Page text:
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A Matter of Perspective

After reading Jennie Ivey’s column about her discussion with a woman on an airplane who was excited to see Tennessee, I thought of a conversation I had with a Texas woman.  When Son and Daughter 2 lived in Dumas, Texas, Husband and I visited them. 

            Dumas, population 15,000, is located in the Texas panhandle, not far from the Oklahoma border.  In fact, only 52 miles from the border town, Texhoma, Oklahoma, and as my granny would say, ‘pretty much in the middle of nowhere.’

            Son had warned us there wasn’t much to see or do in Dumas and suggested he and Daughter 2 meet us somewhere else for a visit, but I wanted to see where they lived.  This region is mostly flat plains, some grass, and more tumbleweed. The few trees are twenty feet tall and windswept, nothing like our trees in Tennessee.  The dominant color of the terrain around Dumas is brown and in most directions I could see to the horizon. 

            “There’s a museum here and we haven’t been because we thought it’d be a fun place to take you,” Son said.  The Window of the Plains Museum sits on the main road that runs north and south thru Dumas.  As I signed the visitor book, I noticed we were the only visitors for the past several days.  The woman behind the welcome desk nodded her greeting, told us to look around, and she’d answer any questions.

            This free museum offers displays of ranching, farming, industry, and family life from the past two centuries. A huge collection of saddles and bridles filled one area, and original art highlighting the plains hung throughout museum. I struck up a conversation with the woman who worked there.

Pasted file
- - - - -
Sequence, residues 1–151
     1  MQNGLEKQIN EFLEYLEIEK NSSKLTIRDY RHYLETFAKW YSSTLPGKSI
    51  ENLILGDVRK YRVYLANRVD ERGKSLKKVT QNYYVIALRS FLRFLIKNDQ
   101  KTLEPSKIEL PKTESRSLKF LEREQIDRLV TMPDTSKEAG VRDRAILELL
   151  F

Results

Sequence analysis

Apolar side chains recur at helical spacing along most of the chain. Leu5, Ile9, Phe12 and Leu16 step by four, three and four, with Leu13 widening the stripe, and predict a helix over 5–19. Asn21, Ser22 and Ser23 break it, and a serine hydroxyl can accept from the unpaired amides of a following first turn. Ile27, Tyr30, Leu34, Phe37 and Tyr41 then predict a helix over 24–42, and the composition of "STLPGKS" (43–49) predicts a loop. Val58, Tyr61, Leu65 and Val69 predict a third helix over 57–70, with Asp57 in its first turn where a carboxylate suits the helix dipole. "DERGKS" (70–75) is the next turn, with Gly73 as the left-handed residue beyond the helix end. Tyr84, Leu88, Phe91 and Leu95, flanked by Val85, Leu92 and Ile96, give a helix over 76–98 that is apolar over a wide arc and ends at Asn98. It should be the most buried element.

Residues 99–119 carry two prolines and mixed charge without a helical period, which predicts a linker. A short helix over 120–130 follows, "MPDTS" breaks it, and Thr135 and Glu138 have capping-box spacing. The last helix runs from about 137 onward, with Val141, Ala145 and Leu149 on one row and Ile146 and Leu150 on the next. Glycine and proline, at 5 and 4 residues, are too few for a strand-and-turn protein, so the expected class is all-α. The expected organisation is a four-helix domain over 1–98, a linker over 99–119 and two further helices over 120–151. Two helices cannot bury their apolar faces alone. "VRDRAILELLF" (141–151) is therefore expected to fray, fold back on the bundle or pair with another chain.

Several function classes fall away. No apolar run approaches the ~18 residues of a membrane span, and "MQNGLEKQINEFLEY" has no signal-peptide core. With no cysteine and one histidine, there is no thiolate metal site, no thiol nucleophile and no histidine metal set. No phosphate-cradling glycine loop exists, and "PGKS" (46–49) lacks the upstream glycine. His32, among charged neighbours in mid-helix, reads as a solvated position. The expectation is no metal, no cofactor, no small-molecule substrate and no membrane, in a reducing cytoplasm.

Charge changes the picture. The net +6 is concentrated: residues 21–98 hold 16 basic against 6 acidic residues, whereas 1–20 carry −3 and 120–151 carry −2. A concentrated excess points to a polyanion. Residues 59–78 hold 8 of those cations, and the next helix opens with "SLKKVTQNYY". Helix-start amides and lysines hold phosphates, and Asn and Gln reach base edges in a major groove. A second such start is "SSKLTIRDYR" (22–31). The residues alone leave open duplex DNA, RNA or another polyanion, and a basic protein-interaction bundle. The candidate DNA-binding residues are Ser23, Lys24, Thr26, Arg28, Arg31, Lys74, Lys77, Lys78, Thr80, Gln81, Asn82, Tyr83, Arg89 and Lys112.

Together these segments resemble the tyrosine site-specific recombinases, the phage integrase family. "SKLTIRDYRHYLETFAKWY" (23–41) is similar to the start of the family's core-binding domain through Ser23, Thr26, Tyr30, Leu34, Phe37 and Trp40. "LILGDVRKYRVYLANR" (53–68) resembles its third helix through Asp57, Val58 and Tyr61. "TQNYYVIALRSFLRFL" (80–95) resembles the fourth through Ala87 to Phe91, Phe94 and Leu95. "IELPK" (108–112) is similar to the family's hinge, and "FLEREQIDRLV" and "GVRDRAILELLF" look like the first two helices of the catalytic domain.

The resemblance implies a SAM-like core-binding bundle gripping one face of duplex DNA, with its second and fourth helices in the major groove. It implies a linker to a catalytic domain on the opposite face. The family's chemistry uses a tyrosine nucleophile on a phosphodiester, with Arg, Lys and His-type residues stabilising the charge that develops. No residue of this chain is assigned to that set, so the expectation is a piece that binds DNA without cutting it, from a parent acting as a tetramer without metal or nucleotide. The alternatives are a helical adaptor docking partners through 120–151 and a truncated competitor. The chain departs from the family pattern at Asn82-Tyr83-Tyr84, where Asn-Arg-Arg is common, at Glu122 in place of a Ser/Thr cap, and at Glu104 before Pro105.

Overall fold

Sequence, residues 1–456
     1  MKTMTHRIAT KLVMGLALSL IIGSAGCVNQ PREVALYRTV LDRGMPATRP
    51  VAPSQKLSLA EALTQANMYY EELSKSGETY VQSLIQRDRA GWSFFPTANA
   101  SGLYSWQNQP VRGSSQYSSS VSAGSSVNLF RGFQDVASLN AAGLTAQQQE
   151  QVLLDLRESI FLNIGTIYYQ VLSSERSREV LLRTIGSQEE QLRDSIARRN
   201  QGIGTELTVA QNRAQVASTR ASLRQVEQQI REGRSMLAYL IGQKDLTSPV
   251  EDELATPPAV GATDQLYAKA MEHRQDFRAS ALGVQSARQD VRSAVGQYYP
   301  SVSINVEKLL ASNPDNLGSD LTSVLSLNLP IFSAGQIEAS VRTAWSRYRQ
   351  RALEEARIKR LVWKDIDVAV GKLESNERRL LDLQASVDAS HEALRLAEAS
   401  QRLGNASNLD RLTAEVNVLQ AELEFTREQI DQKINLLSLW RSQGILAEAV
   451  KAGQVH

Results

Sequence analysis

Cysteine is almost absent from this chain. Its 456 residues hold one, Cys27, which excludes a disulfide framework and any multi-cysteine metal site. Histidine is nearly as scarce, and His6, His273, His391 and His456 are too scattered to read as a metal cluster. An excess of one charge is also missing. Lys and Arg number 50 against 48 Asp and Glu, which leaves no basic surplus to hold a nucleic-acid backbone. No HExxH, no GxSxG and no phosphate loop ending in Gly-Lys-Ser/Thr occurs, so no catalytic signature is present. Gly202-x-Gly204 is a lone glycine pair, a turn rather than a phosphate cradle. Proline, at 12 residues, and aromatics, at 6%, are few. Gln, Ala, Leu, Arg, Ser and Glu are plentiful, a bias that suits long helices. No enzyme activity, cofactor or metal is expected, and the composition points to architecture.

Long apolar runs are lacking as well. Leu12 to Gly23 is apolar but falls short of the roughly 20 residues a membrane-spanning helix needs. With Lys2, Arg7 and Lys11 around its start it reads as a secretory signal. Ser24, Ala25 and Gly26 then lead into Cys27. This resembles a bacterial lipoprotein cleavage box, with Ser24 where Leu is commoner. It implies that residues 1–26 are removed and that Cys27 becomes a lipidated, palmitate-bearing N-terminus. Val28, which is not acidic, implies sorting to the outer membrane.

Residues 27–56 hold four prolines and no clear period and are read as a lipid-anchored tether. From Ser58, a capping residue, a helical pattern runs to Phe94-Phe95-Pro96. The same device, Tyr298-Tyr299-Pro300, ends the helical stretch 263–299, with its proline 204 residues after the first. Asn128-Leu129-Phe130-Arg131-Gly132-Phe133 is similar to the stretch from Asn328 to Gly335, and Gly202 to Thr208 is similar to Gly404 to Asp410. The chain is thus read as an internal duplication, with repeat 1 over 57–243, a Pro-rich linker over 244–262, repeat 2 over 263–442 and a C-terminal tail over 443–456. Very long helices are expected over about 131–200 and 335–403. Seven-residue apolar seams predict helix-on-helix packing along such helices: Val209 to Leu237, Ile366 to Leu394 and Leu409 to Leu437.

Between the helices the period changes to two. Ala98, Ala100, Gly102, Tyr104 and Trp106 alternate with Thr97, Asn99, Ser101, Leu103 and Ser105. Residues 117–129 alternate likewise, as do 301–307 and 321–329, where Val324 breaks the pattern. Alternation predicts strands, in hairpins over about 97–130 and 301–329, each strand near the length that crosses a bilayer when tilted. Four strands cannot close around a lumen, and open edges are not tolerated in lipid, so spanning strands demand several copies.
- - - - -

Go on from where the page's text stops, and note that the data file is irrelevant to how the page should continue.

She explained that most items were donations from local residents and they often had special exhibits on loan and welcomed artwork from the county’s schools.  I understood her pride. “Where you from?” she asked. 

            “Tennessee. I’ve always lived there,” I said.  She wanted to know why we were in Dumas and I explained.  “Have you always lived here?” I asked.  She had and lived just a few miles from the house where she grew up.

            “So you’ve always lived here.  Have you travelled east of the Mississippi?  The landscape is very different,” I said.

            “I went to Kentucky once,” she said and we determined she was just north of Cookeville.

            “You saw what Tennessee looks like.  Green trees, rolling hills.  Really pretty countryside,” I said.

            She nodded.  “I was told Kentucky was beautiful, but I couldn’t see anything.  Those big trees blocked the view.  Here, we can see for miles.  Now that’s a pretty view.”

            There was nothing for me to say.  I understood the plains were as beautiful to her as green rolling hills and trees are to me.  And often when I travel Tennessee highways and back roads, I think of this Texas woman and that she wouldn’t like the big trees that block the view.             To me, the trees are the view and they are beautiful.


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